Visitors to Israel Still Arriving, Though Others Leaving in Droves

The flood of foreigners leaving Israel is being balanced in part by arriving groups of American Jews, determined to display their solidarity with Israel even though it could become the target of Iraqi missiles should war break out in the Persian Gulf.

Although many of the visitors will be gone before the Jan. 15 U.N. deadline for Iraq to withdraw from Kuwait or face the possibility of war, others are here for relatively long stays.

They include 100 Jewish senior citizens who arrived Tuesday on a three-month B’nai B’rith volunteer program in Netanya and a 270-member mission sponsored by the Jewish United Fund of Metropolitan Chicago. It will Join a 250-member group from Atlanta already here.

Smaller missions from the Federation of Jewish Agencies of Greater Philadelphia and the Midwest Region of the United Jewish Appeal were due to arrive by the end of the week.

Other Jewish groups with missions in progress include the Association of Reform Zionists of America, the National Council of Jewish Women and the Zionist Organization of America, according to the National Committee for Tourism to Israel in New York.

Meanwhile, the wave of departures appears to have crested. The lounge at Ben-Gurion Airport where travelers wait for outgoing flights was less crowded Wednesday than earlier in the week. And the lines at the checkout counters were shorter.

Airport officials reported 7,385 departures on Sunday and 4,736 on Monday. But those figures were lower than on the corresponding dates a year ago, when the numbers were 8,245 and 7,282 passengers respectively.

The explanation is that tourism is sharply down, so there are fewer foreigners to leave.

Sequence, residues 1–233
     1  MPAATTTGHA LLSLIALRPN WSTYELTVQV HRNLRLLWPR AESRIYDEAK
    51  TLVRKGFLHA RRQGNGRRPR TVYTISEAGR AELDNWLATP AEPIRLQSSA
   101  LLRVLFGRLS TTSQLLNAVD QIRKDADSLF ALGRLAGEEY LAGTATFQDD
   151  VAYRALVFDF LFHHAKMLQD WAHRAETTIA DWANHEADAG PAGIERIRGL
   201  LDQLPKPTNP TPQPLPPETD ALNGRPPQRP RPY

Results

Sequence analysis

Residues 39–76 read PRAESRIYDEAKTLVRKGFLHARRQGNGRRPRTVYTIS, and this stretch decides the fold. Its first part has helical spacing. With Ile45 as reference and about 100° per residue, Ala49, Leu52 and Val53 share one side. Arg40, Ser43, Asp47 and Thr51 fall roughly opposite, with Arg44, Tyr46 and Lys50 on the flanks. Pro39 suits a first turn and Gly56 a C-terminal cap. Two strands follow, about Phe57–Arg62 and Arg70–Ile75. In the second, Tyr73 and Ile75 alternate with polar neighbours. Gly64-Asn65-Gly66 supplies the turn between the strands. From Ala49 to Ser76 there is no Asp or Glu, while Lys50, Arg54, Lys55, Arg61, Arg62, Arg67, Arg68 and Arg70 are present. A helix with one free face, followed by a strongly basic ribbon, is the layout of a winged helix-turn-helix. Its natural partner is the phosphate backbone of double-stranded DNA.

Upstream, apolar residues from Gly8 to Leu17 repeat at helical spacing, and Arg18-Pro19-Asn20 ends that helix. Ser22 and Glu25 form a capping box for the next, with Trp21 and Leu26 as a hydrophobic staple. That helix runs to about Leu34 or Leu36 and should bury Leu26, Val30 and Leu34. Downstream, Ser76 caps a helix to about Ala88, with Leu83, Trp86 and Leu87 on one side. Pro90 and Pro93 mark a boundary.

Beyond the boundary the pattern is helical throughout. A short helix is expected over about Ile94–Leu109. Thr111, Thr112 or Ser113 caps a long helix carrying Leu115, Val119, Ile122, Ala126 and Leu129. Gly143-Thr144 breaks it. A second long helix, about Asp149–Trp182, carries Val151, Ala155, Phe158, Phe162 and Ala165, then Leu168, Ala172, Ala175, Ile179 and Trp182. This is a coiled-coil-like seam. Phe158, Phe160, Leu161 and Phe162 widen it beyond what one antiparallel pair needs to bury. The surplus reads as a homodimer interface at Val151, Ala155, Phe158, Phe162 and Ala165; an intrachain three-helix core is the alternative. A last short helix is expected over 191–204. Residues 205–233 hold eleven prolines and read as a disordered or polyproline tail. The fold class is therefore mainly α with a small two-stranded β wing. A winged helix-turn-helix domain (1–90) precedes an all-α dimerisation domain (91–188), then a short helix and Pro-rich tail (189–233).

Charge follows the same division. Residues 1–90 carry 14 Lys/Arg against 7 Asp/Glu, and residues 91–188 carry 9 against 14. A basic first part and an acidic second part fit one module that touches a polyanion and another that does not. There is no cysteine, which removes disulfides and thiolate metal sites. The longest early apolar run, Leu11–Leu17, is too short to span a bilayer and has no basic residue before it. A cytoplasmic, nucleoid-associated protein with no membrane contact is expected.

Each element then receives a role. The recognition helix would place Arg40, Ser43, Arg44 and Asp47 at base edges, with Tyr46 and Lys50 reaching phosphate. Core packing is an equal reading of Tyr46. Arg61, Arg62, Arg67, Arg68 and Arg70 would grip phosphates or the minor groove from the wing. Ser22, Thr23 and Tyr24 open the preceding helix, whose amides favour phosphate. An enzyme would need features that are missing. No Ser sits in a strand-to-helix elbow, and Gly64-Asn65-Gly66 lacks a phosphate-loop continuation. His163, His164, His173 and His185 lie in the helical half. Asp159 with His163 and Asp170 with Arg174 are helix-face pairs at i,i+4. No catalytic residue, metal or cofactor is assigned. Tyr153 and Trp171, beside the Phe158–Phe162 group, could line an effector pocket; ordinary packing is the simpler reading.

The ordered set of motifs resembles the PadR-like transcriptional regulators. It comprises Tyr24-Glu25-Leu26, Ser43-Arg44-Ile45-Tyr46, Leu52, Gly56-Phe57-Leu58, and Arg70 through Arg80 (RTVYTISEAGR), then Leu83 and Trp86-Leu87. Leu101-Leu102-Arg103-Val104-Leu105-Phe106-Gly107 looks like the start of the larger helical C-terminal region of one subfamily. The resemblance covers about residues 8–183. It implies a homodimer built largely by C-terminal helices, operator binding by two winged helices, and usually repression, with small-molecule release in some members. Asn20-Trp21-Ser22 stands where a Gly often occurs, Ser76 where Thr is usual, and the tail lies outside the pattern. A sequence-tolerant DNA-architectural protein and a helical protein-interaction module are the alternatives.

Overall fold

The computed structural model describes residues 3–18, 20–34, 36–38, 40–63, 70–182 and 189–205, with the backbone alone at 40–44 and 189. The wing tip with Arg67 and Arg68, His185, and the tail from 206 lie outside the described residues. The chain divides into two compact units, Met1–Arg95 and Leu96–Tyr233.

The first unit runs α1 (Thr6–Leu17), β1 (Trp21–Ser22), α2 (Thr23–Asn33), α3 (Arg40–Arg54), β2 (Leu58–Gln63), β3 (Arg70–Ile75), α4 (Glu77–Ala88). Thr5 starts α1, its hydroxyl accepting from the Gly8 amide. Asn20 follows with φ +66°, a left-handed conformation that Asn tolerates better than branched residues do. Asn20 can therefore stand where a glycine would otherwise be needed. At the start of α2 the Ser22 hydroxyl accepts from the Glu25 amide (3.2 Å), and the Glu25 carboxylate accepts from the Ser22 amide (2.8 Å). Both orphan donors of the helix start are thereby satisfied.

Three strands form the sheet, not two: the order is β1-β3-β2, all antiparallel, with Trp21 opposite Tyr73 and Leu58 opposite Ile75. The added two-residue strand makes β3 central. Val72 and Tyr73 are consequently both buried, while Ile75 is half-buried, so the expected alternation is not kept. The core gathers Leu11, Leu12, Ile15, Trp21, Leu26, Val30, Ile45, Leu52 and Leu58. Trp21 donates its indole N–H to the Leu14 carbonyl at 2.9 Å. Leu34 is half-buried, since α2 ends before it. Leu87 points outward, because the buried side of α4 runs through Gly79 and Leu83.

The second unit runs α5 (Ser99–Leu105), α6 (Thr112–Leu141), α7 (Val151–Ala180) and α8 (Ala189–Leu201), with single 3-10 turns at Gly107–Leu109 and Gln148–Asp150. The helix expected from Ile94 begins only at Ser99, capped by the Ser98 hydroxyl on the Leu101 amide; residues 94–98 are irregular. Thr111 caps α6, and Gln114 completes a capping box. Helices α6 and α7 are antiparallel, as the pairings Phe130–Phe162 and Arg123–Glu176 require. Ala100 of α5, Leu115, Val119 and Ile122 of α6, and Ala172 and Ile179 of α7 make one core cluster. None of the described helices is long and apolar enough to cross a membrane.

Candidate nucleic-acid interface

The rush to get out of the country seems to have been triggered less by war fears than by the decision of foreign air carriers to suspend or curtail service to Tel Aviv and other Middle East destinations because of soaring insurance rates.

Transport Minister Moshe Katsav has urged foreign governments to try to persuade their national air carriers to resume normal service to Israel. So far, he has had little success.

The number of airlines no longer flying here reached eight Wednesday, when Spain’s Iberia Airlines and Turkish Airlines announced their service would be suspended. Four other carriers have reduced the number of weekly flights.

They include British Airways, which cut its flights from six to four a week, and Dan-Air, a British charter service that suspended flights until the end of February, after reducing them last week from four to two.

COPING WITH WAR ANXIETY

Both companies cited reduced demand and higher insurance rates. Had Dan-Air continued to fly to Israel, it would have had to charge its passengers a $285 premium on each ticket to cover the insurance, an airline spokesman said.

El Al, Israel’s national airline, said it would accept any passengers stranded by another airline.

The foreign residents already out of the country include students at the U.S. Embassy-sponsored International School at Kfar Shmarayhu, north of Tel Aviv.

The school has been closed for the duration of the crisis. Its student body included the children of American and other foreign diplomats and embassy personnel stationed in Israel.

Also gone are foreign athletes who played on Israeli basketball and soccer teams. Several international tournaments scheduled to have been played in Israel have been canceled or postponed.

Meanwhile, Israel Radio and Television have been giving the public free advice from psychologists and psychiatrists on how to cope with anxiety brought on by the war fever.

Israelis are being told not to bottle up but to verbalize their fears and to try to distract themselves with work or hobbies. Said one expert: “It’s normal to be worried but not to panic.”

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